|Logo on a Springfield Rolls|
Had you just returned from The Great War, say around 1919 or so, you would have noticed that the Wilson Administration’s haphazard efforts to rev up the economy to absorb the many doughboys being mustered out were having a negligible effect. The economic first fruits of what eventually would be called “The Roaring 20s” were still far from ripe, and the sons of America’s great burgeoning middle class were coming home from Europe to marry their sweethearts and to have kids.
The members of their parents’ generation, born in the late 1870s and early 1880s, who may have served in the Spanish-American War, who suffered economic deprivation in the depression years of the “Gay ‘90s,” and who marveled at the American “Can Do” spirit that constructed the Panama Canal, did well during The Great War. A great many companies, formed during the darker economic days of the late 19th Century, expanded and profited in the early 20th Century. They were buoyed by the groundswell of trust-busting and prosperity that characterized the “Oughts” and the “Teens.”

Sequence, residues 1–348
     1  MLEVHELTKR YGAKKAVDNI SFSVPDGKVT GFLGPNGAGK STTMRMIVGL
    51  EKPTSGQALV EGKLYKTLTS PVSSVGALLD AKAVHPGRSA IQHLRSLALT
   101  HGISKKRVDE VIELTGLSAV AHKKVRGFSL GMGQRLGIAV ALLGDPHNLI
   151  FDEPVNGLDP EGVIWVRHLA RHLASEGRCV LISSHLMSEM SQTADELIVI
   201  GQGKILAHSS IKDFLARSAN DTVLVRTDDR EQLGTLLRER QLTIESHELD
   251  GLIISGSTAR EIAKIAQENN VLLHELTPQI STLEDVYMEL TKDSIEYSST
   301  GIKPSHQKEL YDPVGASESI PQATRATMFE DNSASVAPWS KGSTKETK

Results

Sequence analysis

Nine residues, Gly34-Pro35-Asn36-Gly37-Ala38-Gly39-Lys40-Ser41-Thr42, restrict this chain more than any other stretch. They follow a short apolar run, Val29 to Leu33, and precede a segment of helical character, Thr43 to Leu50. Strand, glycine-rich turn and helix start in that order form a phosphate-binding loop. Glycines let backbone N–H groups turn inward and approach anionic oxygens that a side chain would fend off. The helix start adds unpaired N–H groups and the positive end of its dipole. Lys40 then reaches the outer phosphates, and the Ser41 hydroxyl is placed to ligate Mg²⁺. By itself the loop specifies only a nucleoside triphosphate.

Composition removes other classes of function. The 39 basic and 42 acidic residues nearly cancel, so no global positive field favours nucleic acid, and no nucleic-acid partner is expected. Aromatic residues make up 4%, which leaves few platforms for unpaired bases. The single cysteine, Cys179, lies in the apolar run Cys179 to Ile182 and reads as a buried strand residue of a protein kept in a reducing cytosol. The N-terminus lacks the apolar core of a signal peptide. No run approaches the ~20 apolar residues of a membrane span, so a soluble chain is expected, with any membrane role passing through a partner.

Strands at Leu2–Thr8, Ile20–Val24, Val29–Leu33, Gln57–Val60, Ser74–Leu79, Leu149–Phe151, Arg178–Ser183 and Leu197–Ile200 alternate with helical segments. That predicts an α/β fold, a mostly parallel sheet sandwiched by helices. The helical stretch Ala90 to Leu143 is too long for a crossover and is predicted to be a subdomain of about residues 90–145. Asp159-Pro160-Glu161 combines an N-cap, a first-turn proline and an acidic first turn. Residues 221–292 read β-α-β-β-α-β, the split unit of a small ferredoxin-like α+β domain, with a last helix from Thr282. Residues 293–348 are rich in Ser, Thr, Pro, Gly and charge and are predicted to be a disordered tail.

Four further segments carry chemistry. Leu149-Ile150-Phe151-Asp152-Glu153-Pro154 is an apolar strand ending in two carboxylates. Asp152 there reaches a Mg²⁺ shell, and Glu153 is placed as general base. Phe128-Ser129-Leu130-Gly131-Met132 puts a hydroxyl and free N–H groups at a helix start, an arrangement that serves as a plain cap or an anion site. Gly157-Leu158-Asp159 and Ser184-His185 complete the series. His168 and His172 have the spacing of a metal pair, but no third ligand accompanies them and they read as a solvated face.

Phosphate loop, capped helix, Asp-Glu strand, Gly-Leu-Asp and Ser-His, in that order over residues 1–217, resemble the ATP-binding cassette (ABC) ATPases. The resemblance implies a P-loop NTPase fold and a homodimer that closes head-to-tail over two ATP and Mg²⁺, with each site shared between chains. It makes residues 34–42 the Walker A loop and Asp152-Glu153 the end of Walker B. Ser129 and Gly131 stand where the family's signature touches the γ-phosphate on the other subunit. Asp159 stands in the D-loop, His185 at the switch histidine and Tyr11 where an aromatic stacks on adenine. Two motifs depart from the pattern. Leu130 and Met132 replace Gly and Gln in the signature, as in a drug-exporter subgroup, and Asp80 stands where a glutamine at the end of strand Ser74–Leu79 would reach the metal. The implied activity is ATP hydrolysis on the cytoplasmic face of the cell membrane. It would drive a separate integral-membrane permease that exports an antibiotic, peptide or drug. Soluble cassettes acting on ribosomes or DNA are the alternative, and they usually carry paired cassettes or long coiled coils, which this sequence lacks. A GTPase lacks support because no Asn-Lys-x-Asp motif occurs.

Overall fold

The doughboys returned to jobs as farmers, factory workers, clerks, salesmen, and accountants. Some had money in their pockets…but all were suffering from two to three years of pent-up demand. One savvy engineer in Detroit, a chap named Henry Ford, figured out how to meet that demand. He devised a way to produce a four wheeled, self-propelled vehicle called a Model T, on a scale so efficient that the end product — a transportation appliance, if you will — started out being sold in 1907 at $850, but could be sold in the early 1920s for the princely sum of $290.